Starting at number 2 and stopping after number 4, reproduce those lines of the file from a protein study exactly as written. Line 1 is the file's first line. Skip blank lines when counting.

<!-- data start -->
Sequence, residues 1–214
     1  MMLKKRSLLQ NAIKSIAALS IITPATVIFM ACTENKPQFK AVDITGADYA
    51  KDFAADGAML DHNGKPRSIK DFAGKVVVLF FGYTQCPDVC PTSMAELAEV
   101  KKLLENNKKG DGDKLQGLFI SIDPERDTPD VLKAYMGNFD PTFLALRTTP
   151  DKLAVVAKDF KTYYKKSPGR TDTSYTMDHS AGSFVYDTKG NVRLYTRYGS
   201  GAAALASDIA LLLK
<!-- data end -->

     1  MMLKKRSLLQ NAIKSIAALS IITPATVIFM ACTENKPQFK AVDITGADYA
    51  KDFAADGAML DHNGKPRSIK DFAGKVVVLF FGYTQCPDVC PTSMAELAEV
   101  KKLLENNKKG DGDKLQGLFI SIDPERDTPD VLKAYMGNFD PTFLALRTTP